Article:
Alaska Lists Names, Data on 280 Missing Indigenous People

Report is first broad effort to understand disappearances of Alaska Natives and American Indians
By Newser Editors and Wire Services
Posted Aug 28, 2023 3:05 PM CDT
Alaska Lists Names, Data on 280 Missing Indigenous People
Jeannie Hovland, deputy assistant secretary for Native American Affairs for the US Department of Health and Human Services, poses with a Missing and Murdered Indigenous Women mask in August 2020 in Anchorage, Alaska.   (AP Photo/Mark Thiessen, File)

Law enforcement has prepared a first-of-its-kind report detailing missing Alaska Natives and American Indian people in Alaska. The Alaska Department of Public Safety last week released the Missing Indigenous Persons Report, which includes the names of 280 people, dates of their last contact, and whether police believe the disappearance was suspicious in nature, per the Anchorage Daily News. In the report, the circumstances of each missing person are classified into one of four categories: environmental, nonsuspicious, suspicious, or unknown. This is considered a point-in-time snapshot because it includes people who were missing as of July 14. Austin McDaniel, a Department of Public Safety spokesperson, said it's possible some have since been found.

About 75% of the cases fit in the environmental category: The person is believed to have died or disappeared in the wilderness after a plane crash, boat sinking, or other outdoor accident, and their remains have never been found. Some cases here date back to the 1960s, the AP reports. Even though some people have been declared legally dead, McDaniel said they are considered missing until law enforcement "lays eyes on them." Of the remaining cases, 18 were ruled suspicious, 30 as not suspicious, and 17 unknown. The list is not complete. It only represents missing persons cases investigated by the Anchorage police or Alaska state troopers and not those of other police departments in Alaska, like Fairbanks or Juneau. The statewide agency hopes smaller departments will contribute data for quarterly updates, McDaniel said.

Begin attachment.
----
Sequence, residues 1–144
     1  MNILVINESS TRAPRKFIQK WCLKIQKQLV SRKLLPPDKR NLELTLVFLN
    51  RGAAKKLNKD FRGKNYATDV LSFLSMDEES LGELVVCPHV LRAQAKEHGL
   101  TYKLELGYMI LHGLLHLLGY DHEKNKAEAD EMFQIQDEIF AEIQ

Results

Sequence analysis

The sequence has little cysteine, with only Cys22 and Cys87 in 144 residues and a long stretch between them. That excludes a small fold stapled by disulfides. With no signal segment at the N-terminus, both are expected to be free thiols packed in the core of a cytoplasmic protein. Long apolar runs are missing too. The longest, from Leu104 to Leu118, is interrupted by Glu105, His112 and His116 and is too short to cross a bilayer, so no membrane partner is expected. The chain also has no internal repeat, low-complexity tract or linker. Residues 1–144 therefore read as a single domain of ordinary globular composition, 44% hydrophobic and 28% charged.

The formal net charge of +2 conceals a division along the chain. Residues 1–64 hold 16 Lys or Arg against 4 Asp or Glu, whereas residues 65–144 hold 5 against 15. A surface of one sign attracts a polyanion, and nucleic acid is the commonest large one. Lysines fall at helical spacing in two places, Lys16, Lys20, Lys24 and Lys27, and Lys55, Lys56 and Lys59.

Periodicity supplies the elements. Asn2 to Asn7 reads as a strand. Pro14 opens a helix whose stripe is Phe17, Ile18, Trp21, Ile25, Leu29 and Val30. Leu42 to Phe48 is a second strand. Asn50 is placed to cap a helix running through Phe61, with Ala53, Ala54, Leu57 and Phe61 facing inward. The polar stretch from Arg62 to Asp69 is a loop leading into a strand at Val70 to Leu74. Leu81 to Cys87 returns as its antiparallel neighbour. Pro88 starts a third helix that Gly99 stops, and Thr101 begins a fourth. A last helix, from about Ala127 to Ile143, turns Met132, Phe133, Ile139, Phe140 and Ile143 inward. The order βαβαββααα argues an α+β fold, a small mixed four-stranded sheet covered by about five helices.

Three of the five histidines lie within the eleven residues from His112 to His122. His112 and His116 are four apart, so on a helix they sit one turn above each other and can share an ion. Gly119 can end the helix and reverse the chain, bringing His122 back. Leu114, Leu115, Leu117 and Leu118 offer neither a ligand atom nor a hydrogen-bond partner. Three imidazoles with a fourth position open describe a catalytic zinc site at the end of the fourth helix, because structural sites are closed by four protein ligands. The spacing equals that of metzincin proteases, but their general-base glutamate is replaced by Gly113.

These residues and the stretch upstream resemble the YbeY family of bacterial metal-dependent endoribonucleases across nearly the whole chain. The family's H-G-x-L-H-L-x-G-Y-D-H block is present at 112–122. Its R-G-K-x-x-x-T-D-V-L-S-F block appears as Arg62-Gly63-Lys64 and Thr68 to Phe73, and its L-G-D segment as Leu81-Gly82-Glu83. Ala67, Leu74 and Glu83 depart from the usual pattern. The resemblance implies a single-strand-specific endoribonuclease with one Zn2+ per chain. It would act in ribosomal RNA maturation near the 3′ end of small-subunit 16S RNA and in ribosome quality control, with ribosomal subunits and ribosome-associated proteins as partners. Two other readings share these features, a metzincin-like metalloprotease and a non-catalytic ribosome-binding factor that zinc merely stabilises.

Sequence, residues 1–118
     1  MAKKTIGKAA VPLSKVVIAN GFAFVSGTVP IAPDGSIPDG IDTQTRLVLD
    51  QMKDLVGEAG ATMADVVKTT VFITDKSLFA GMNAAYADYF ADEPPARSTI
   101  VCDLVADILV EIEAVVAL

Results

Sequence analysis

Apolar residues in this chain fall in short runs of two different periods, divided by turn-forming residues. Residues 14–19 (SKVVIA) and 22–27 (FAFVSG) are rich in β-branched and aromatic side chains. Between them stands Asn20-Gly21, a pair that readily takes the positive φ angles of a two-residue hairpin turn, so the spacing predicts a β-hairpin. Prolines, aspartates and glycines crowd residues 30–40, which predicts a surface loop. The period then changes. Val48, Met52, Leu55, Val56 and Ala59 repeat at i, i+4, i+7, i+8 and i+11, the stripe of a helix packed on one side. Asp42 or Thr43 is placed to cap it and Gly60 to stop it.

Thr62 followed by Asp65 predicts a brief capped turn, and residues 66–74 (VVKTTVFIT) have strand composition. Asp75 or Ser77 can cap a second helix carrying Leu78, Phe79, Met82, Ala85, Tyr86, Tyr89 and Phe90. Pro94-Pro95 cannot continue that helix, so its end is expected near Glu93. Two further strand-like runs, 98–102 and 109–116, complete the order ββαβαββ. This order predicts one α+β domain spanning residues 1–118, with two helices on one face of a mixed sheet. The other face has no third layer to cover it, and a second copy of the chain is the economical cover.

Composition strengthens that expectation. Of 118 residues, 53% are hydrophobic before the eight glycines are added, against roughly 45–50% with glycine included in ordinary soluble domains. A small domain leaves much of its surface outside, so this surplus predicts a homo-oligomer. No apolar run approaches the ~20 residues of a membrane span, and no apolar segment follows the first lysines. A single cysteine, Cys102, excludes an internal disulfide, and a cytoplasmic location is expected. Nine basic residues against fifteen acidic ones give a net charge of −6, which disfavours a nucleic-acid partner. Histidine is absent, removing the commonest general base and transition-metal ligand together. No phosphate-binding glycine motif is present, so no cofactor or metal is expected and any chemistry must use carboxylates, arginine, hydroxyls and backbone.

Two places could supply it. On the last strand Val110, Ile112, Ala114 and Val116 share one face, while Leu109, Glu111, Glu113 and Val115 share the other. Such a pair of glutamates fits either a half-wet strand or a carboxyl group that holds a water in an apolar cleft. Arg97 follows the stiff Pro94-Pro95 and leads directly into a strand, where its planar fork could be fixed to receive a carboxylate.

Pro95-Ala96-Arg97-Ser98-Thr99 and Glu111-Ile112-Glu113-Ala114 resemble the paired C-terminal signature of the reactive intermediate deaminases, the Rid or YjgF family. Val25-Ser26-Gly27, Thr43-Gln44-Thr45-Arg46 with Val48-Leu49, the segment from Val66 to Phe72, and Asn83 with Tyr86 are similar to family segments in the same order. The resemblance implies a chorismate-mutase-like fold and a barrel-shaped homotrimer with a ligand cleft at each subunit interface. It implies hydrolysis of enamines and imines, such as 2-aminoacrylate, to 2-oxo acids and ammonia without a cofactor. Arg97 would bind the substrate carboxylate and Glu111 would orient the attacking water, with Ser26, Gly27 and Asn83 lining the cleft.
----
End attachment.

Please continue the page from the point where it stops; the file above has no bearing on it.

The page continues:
Each name on the list represents a loved and missed person, said Charlene Aqpik Apok, executive director of Data for Indigenous Justice. This organization created its own database of missing and murdered Indigenous people in 2021 and has advocated for law enforcement to better track the issue. "This report was definitely a step in the right direction," Apok said. Detailing the circumstances of disappearances could present a clearer picture to law enforcement of the overall situation. "Going missing while going on a hike or hunting is very different than someone being abducted," Apok said. "We really wanted to clarify those circumstances."

(More Alaska stories.)

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